Virat Kohli has spent half his international career being the angry young man of Indian cricket. The captain, however has chosen a distinctly more amicable path in his latest avatar. Having lost the first Test against Australia by the crushing margin of 333 runs, Kohli knew that he was likely to be asked some annoying questions ahead of the second Test in Bangalore. He focussed on the team’s lack of intent at key moments of the first Test, and bantered cheerfully with journalists who mustered the temerity to try and poke a reaction out of him. Excerpts:
Tag: India (Page 2 of 2)
If you watched Indian cricket in the late 1990s or the 2000s you will be familiar with this scene. The batsman has been drawn forward by the legspinner, beaten in the air or off the pitch and just as the bowler begins to celebrate he sees that the wicketkeeper was also beaten and the ball has run away for four byes. Anil Kumble would do his best to hide his true feelings at such moments, but the disappointment of the prey eluding a carefully laid trap would shine through. No cussing, no yelling, but that piercing look down the length of 22 yards left no-one in any doubt about what happened.
The year was 2008. South Africa had arrived in India for a three-Test series and their first port of call was Chennai. The MA Chidambaram Stadium in Chepauk was in typical March form, the last vestiges of the nominal Chennai winter having been burned off by typically fierce sunshine. It wasn’t quite the Ides of March, but the pace trio of Dale Steyn, Makhaya Ntini and Morne Morkel were distinctly amused when Parthasarathy Kannan, the curator at the stadium, spoke lovingly of the 22-yards he had tended to for more than three decades.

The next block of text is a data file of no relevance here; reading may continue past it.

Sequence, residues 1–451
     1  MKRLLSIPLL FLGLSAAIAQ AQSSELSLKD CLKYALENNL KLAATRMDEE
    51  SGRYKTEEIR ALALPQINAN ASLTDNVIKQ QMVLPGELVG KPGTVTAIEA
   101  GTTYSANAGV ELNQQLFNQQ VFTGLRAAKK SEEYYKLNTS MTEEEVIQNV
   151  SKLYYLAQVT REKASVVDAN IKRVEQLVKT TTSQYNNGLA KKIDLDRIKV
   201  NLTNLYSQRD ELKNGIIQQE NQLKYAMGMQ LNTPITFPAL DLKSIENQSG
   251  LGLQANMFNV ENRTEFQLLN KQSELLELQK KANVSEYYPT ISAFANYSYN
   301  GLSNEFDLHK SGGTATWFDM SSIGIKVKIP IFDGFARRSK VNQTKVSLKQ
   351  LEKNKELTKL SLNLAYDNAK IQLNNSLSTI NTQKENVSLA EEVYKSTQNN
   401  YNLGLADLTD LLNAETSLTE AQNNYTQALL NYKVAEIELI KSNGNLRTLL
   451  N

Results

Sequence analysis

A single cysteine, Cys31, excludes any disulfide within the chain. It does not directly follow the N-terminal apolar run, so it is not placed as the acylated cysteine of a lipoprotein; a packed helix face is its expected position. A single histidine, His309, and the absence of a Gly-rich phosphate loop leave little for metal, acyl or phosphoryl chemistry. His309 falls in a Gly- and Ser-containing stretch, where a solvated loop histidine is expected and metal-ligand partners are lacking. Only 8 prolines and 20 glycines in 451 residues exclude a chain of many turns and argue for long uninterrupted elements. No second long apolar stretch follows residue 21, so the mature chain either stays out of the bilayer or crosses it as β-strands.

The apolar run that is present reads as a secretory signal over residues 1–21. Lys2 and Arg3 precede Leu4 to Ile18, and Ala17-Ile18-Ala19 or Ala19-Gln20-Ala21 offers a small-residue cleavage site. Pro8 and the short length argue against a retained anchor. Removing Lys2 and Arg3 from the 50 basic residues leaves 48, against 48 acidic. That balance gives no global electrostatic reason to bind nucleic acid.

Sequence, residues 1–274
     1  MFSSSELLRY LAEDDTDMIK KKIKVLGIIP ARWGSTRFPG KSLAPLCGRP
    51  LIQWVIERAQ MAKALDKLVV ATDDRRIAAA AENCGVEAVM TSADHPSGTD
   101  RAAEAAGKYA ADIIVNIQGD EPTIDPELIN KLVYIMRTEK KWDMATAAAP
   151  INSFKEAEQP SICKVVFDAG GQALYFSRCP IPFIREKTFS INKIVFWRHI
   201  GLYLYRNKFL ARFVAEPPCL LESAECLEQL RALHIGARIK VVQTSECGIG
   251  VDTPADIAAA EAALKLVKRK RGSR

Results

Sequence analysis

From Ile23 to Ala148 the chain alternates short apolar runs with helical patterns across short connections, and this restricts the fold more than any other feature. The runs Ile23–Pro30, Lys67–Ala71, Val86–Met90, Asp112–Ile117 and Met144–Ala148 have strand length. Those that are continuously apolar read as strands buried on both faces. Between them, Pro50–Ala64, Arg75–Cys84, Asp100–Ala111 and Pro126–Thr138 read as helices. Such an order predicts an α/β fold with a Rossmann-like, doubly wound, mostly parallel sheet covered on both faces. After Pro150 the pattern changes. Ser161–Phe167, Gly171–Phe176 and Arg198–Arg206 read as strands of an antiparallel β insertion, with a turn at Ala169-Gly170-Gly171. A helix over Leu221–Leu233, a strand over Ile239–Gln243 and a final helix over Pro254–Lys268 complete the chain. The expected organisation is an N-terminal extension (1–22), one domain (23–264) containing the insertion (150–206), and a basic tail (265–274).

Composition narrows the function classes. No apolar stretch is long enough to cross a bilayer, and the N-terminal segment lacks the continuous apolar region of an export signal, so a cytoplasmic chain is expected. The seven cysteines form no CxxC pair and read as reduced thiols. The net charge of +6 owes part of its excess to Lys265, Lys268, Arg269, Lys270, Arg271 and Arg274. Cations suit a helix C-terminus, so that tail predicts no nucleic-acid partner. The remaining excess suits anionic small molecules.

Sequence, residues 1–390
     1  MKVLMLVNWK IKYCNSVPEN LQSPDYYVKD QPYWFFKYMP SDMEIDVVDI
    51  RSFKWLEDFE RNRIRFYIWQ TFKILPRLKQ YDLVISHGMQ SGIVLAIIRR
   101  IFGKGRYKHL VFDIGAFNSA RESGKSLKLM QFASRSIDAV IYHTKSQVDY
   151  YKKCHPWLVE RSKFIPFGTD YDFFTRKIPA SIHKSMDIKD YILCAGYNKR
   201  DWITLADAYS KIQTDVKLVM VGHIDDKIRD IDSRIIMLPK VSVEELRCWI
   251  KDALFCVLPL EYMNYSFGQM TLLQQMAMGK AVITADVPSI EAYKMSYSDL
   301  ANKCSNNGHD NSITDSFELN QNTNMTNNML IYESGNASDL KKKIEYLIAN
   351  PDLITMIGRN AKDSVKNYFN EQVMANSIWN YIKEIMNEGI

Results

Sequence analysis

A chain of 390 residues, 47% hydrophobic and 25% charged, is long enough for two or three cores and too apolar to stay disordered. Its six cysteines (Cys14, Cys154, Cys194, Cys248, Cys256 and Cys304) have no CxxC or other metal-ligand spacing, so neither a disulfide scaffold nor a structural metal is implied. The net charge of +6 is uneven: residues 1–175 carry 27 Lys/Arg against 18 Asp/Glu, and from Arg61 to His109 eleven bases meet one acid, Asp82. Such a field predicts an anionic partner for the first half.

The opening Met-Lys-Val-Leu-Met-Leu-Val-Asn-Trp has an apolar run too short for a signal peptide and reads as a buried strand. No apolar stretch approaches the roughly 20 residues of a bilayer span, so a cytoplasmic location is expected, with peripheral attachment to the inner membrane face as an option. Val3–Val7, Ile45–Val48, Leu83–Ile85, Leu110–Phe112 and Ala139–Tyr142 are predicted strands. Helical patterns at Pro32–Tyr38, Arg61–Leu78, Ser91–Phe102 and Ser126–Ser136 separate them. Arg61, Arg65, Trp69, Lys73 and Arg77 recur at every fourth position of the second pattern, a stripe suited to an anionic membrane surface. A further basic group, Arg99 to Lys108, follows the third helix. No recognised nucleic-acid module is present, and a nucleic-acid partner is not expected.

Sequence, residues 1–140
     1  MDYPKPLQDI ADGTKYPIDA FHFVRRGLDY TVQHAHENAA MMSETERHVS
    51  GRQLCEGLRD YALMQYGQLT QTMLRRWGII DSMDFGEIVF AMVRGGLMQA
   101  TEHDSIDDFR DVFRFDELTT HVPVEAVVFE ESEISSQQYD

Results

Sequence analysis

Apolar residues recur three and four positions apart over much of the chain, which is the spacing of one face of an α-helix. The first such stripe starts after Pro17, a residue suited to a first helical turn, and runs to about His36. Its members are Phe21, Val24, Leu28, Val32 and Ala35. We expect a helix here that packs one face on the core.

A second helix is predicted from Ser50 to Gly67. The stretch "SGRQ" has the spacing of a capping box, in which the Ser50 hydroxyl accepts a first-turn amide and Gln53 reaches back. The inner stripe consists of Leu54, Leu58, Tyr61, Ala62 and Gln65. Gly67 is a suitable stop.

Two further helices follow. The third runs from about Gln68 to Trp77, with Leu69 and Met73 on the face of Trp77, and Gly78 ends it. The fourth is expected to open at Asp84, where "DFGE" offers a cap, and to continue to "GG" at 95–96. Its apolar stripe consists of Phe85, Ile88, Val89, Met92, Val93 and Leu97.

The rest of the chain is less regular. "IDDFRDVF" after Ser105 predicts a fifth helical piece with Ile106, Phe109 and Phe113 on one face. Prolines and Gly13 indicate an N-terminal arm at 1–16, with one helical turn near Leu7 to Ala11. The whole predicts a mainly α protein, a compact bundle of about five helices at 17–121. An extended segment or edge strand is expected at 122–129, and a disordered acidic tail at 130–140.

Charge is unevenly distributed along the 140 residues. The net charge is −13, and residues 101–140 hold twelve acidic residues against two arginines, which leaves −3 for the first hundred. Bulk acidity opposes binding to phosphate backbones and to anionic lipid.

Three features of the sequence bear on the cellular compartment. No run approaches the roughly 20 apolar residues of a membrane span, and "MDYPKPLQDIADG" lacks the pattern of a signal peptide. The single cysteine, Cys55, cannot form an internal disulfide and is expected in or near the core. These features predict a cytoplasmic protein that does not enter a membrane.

First the Australian team had no names. The Pune ground had no pitch. God alone knows what else will go missing in the parallel universe Harbhajan Singh inhabits, by the time the next Test of this India-Australia series takes place.
To make a prediction about how a series might play out is risky at the best of times. Sourav Ganguly, possibly when pressed by journalists looking for a headline, said: “I don’t predict in cricket, but I won’t be surprised if Australia lose 4-0.” Ganguly stuck his neck out, but he did not disrespect the opposition in doing so. And, sport is nothing if not unpredictable. After all, if we knew what was going to happen in advance why would we watch sport?
Australia had more than enough on the board. India were lackadaisical after a long home season of piling on the runs. The toss was crucial, but only if Steven Smith could make it count. Australia had fluffed it before Mitchell Starc rescued them with the bat. India’s spinners are far better than Australia’s. India’s batsmen are too good against spin.
So much was said before India’s first Test against Australia at Pune that your opinion might’ve been swayed by which TV channel you were watching, which newspaper you took to the loo or which website you read on your phone on the go.
You know the Australian cricket team is in town when the talk turns to sledging even before the first ball has been bowled. Except, it’s the year 2017, and it’s not the touring party who are firing the shots. To their credit, it’s not the Indian team either. After all, it’s much easier to unleash these salvos when you know you don’t have to back it up with performances on the field.